Benefits Add Up
“Everyone benefits,” Queeley says. “Any green infrastructure project that lowers the temperature or reduces flooding helps the neighborhood. A bunch of these projects over many neighborhoods or the entire city, worked on by people who live in those communities? Well, that makes things a lot better for a lot of people.”
Other emergent efforts at Codman Square include engaging residents to better advocate for their climate-related concerns through city and state processes and programs. CSNDC is actively seeking collaborators and support to advance this work.
Plans are also in place for trainings in July and November. CSNDC hopes to find a partner to co-develop a business plan and long-term strategy for the green infrastructure training program. They want to reach more employers with whom they could connect program graduates, especially within city departments and at businesses owned by entrepreneurs of color. And they want to determine if there are policy options that would incentivize city contracts going to people with this certification. More people in Codman Square and beyond would gain work experience while also gaining representation within city departments.
CSNDC is currently seeking additional funding to continue the program, cover student exam costs, and support students’ job searches and ability to build career skills.
“We want to be ready with a cadre of people who can do maintenance, inspection and construction, though I think construction of green infrastructure can provide a more consistent living wage,” says Queeley. “Our students know the specifics that make a green infrastructure project successful and that really help solve the problems our communities face. The difference between three versus five inches of mulch sounds small, but could mean a water filtration system that clogs or doesn’t work. Employers value that depth of knowledge.”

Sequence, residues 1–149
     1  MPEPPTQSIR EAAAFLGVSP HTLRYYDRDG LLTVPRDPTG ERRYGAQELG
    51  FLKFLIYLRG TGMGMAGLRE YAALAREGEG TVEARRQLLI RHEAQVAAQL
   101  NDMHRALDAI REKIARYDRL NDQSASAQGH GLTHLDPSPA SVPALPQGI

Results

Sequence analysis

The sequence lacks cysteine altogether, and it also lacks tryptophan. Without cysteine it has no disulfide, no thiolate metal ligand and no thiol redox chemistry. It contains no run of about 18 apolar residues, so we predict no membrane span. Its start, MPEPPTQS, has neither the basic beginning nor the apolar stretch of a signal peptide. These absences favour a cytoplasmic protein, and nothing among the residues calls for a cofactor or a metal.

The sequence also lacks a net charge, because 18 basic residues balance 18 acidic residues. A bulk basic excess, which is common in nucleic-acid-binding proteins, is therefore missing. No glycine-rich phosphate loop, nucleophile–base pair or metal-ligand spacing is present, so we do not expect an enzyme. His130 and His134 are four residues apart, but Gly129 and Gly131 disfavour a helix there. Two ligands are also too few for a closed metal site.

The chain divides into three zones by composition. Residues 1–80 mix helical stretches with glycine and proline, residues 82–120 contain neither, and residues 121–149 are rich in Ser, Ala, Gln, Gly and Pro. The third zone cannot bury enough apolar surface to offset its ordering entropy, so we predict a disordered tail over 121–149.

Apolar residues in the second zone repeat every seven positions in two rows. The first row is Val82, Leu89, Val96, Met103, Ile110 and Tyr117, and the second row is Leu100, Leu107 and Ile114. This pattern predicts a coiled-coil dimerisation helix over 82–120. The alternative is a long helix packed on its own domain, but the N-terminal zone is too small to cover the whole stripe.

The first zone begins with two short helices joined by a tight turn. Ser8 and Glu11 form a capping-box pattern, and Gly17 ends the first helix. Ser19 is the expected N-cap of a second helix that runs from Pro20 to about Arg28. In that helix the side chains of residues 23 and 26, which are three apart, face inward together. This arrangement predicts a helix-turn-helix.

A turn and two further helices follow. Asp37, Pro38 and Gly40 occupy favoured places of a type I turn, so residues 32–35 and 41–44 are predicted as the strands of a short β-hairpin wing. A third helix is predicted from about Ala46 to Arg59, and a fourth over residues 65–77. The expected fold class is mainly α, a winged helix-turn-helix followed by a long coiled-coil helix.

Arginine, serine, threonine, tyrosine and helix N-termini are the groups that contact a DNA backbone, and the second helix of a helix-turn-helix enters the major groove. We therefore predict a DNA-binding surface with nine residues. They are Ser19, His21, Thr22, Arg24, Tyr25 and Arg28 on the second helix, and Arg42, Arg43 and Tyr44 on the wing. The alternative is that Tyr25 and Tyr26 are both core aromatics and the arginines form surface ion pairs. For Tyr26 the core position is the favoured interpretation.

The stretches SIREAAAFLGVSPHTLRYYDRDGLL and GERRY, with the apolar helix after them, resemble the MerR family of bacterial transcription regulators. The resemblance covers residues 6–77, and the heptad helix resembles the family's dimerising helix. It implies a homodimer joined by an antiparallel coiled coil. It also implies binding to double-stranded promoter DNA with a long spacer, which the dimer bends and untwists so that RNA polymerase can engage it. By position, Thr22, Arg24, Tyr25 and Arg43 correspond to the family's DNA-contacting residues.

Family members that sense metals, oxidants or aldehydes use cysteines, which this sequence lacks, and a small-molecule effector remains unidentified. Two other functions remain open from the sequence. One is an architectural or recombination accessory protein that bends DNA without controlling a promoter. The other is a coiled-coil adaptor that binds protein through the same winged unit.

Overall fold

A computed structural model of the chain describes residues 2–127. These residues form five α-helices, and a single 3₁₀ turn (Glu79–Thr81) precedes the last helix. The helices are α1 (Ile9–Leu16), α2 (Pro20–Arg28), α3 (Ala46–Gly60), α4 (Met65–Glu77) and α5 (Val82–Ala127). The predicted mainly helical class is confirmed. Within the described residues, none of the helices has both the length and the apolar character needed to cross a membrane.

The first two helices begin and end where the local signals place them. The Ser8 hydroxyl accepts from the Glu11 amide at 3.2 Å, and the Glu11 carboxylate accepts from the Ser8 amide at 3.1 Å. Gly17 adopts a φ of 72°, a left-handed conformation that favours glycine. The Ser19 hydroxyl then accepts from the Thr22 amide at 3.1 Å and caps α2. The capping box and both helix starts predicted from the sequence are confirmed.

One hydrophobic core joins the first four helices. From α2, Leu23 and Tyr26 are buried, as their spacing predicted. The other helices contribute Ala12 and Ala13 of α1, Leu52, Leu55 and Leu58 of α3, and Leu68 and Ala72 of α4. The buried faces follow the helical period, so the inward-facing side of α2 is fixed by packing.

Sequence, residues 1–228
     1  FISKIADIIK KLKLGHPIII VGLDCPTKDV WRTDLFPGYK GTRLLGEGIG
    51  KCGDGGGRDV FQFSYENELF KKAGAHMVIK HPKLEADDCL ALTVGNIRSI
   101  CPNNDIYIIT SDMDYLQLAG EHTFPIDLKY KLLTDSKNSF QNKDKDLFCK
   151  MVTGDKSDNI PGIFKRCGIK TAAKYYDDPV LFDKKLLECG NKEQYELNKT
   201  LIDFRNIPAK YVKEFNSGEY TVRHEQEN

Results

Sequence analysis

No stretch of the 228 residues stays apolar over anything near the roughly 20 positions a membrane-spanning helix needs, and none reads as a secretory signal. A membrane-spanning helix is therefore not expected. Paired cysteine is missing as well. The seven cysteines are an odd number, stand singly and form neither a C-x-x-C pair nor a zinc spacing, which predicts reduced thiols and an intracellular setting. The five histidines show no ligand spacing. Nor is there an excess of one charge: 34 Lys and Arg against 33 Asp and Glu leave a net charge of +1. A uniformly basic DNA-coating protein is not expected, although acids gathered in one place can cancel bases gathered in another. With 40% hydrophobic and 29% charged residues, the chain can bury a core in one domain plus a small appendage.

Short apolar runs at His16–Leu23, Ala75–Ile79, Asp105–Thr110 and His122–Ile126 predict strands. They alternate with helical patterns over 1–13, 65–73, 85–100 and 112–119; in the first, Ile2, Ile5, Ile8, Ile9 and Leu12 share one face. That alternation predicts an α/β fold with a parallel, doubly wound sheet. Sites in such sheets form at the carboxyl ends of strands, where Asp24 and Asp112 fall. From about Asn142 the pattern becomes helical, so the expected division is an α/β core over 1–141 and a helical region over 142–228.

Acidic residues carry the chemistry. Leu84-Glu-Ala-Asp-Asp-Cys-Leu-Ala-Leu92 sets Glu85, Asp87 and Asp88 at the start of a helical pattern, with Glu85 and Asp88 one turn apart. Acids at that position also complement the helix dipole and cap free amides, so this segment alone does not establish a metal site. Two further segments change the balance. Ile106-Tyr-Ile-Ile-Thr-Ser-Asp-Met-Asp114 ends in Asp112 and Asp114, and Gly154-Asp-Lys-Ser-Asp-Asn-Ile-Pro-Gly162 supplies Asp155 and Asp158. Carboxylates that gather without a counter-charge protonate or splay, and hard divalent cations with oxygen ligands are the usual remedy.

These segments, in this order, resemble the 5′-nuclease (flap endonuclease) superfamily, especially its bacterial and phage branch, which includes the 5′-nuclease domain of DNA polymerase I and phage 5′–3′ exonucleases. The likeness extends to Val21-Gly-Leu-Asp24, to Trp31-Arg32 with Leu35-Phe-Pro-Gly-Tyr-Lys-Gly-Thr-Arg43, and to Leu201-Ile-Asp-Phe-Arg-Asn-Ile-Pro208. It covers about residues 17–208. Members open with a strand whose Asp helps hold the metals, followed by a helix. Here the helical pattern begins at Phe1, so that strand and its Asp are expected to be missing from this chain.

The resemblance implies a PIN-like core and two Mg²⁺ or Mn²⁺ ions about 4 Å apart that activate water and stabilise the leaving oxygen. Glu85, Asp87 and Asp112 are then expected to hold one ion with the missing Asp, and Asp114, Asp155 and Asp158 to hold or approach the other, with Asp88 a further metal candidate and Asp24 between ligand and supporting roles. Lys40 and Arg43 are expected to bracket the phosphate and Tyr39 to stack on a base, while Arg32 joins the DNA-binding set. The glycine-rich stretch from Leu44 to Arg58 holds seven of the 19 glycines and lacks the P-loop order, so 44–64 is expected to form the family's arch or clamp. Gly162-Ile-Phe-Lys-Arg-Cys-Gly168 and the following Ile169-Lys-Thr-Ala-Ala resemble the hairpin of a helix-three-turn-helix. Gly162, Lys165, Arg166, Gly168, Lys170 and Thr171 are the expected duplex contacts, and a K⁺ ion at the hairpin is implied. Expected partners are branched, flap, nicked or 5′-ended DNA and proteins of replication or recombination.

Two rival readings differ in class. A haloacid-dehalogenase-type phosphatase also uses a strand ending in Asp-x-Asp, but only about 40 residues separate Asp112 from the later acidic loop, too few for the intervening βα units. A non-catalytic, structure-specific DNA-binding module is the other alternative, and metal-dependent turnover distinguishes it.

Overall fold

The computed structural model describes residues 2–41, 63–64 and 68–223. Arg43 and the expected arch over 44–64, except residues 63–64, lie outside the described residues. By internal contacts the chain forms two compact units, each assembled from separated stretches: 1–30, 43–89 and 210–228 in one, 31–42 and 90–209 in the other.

Change Through City-to-City Learning
Other cities have seen success through similar workforce development program models. TNC and CSNDC asked some of those programs to help identify pathways to achieve their goals.
“We looked for ideas that could work in Codman Square, including opportunities for entry-level work and lower barriers to employment, a living wage, improved health and nature-based solutions,” says Leslie Pond, research volunteer at TNC in Massachusetts and one of the co-authors of the Resilient Green Infrastructure and Workforce Development report.
“TNC's collaborations with the Philadelphia Water Department on the city's Green City, Clean Waters Plan, with DC Water’s Clean Rivers Project, and in Atlanta with HABESHA immediately stood out as successes that CSNDC could replicate in Boston,” Pond adds. “These programs show how to institutionalize, and especially how to normalize, the deep, long-lasting, reciprocal relationships that make cities better for everyone who lives there.”
There is great potential in such committed, collaborative approaches.
The state of Massachusetts, for example, recently allocated $12 million per year to workforce development through its Climate Roadmap legislation. The details of where that money goes are in the hands of state agency officials—but ultimately its fate resides in the ability of the community to advocate for a fair distribution of resources and opportunities.
Green infrastructure is an important, yet underutilized, part of the workforce development conversation.
“People can ask for legislation to fund projects that directly result in this kind of job training, which makes their neighborhoods better and thus the city better for all residents,” says Queeley. “They can ask where the money goes and who makes those decisions. They can demand that residents be on those committees and boards. All of us are responsible for making sure that the right voices are in the room when it comes to improving our communities.”